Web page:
miR-143 and -145 have been shown to prevent podosome formation in vascular smooth muscle cells (VSMCs) and so regulate their transition from a differentiated, contractile state to a de-differentiated, migratory state [8]. This was demonstrated both in vitro and in vivo through the use of miRNA-143/145 knockout mice, whose VSMCs showed an increased propensity to form podosomes. Further analysis confirmed the need for miR-143 and miR-145 down-regulation to permit podosome formation. The involvement of miRNAs in podosome formation in other cell types has yet to be studied, however this example demonstrates the need for post-transcriptional regulation in order to prime the cell to respond appropriately to extracellular stimuli.

Following detection of the required external stimulus, via mechanosensing integrins, the actin network is commandeered to facilitate construction of the podosome. Actin assembly is known to occur both from the extension of pre-existing lamellipodial networks, as well as de novo [9].

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References

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  2. Gawden-Bone C, Zhou Z, King E, Prescott A, Watts C, and Lucocq J. Dendritic cell podosomes are protrusive and invade the extracellular matrix using metalloproteinase MMP-14. J. Cell. Sci. 2010; 123(Pt 9):1427-37. [PMID: 20356925]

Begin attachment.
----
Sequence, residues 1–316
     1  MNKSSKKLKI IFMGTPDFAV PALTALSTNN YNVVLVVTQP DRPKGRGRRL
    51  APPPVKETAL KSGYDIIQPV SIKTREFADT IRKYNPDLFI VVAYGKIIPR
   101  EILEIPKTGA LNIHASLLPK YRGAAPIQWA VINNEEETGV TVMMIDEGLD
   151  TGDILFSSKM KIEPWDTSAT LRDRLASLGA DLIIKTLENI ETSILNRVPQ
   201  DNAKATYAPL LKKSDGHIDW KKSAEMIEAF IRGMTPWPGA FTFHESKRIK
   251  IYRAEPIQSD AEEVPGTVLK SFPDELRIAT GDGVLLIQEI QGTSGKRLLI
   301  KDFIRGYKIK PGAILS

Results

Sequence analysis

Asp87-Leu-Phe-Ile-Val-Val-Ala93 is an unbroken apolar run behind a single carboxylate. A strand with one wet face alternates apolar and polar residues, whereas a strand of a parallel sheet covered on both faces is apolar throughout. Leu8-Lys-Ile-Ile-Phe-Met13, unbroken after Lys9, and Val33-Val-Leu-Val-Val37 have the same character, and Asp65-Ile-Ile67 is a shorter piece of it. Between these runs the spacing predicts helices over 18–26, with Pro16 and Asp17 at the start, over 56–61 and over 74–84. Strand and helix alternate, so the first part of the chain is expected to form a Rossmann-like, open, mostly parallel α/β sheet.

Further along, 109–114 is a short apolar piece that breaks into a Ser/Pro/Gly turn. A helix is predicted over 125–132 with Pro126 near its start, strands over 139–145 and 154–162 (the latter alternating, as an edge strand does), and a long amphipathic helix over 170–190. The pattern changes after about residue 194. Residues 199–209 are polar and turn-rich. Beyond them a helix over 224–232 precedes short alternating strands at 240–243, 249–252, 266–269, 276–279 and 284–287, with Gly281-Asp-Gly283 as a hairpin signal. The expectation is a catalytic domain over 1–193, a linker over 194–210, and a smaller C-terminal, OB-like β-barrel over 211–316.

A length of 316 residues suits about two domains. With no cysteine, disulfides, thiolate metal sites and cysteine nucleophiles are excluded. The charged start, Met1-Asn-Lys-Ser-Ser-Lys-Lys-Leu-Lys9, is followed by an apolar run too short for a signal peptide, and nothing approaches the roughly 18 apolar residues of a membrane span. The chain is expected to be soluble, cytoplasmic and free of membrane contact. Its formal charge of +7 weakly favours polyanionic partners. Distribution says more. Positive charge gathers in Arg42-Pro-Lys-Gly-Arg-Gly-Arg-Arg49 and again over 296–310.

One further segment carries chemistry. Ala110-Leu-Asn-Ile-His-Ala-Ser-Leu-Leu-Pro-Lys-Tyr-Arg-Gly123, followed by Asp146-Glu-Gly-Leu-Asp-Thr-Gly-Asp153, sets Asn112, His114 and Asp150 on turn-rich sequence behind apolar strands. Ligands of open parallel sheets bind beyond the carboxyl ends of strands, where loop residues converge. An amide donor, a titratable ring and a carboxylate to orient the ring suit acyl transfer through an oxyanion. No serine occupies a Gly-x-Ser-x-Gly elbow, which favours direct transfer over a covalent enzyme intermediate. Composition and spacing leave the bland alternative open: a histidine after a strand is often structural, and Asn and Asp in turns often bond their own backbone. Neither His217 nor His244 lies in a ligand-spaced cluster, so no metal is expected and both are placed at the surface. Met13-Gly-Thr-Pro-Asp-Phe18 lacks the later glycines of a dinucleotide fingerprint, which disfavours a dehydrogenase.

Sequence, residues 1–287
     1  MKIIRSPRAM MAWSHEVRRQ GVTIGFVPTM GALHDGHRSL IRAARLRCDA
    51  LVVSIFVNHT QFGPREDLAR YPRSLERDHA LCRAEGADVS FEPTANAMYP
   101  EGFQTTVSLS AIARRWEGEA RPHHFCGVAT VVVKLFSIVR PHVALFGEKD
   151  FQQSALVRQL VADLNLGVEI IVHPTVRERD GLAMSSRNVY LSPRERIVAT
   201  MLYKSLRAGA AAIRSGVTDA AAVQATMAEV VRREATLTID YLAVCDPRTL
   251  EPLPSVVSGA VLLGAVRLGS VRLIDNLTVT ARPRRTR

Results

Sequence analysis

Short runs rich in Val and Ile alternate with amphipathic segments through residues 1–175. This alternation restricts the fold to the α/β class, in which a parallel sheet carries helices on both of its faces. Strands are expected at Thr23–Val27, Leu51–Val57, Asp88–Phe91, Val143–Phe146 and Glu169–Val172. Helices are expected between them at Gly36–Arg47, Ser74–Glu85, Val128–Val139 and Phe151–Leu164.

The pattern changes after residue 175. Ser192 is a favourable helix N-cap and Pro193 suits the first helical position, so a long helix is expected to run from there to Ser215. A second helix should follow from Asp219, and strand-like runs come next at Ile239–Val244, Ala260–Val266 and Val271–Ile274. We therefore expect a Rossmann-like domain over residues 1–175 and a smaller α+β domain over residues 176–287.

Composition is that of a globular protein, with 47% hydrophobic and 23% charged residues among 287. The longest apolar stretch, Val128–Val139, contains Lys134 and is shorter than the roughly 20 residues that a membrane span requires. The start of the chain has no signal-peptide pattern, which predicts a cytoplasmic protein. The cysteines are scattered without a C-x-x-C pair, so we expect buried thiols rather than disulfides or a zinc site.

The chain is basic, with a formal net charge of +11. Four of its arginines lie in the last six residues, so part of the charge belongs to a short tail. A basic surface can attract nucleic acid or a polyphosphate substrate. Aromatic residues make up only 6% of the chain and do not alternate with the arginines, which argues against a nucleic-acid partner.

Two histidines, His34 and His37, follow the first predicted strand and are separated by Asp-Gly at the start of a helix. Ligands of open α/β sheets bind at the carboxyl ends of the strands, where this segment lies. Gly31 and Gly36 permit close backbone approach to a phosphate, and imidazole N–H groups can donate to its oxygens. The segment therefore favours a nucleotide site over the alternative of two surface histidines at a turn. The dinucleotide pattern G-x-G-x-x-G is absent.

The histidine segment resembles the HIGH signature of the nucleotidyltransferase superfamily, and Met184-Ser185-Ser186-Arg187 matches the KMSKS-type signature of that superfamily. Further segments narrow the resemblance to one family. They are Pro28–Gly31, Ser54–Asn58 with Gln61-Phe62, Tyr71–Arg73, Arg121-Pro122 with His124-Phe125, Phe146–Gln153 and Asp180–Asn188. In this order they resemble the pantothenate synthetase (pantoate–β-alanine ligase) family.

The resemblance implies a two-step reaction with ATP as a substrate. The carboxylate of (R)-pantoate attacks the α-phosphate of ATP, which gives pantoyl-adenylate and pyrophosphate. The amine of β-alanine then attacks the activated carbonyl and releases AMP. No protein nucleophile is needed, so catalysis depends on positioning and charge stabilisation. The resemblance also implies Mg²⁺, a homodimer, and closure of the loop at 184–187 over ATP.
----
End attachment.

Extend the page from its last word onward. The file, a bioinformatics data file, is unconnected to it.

3. Labernadie A, Thibault C, Vieu C, Maridonneau-Parini I, and Charrière GM. Dynamics of podosome stiffness revealed by atomic force microscopy. Proc. Natl. Acad. Sci. U.S.A. 2010; 107(49):21016-21. [PMID: 21081699]
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  6. Chabadel A, Bañon-Rodríguez I, Cluet D, Rudkin BB, Wehrle-Haller B, Genot E, Jurdic P, Anton IM, and Saltel F. CD44 and beta3 integrin organize two functionally distinct actin-based domains in osteoclasts. Mol. Biol. Cell 2007; 18(12):4899-910. [PMID: 17898081]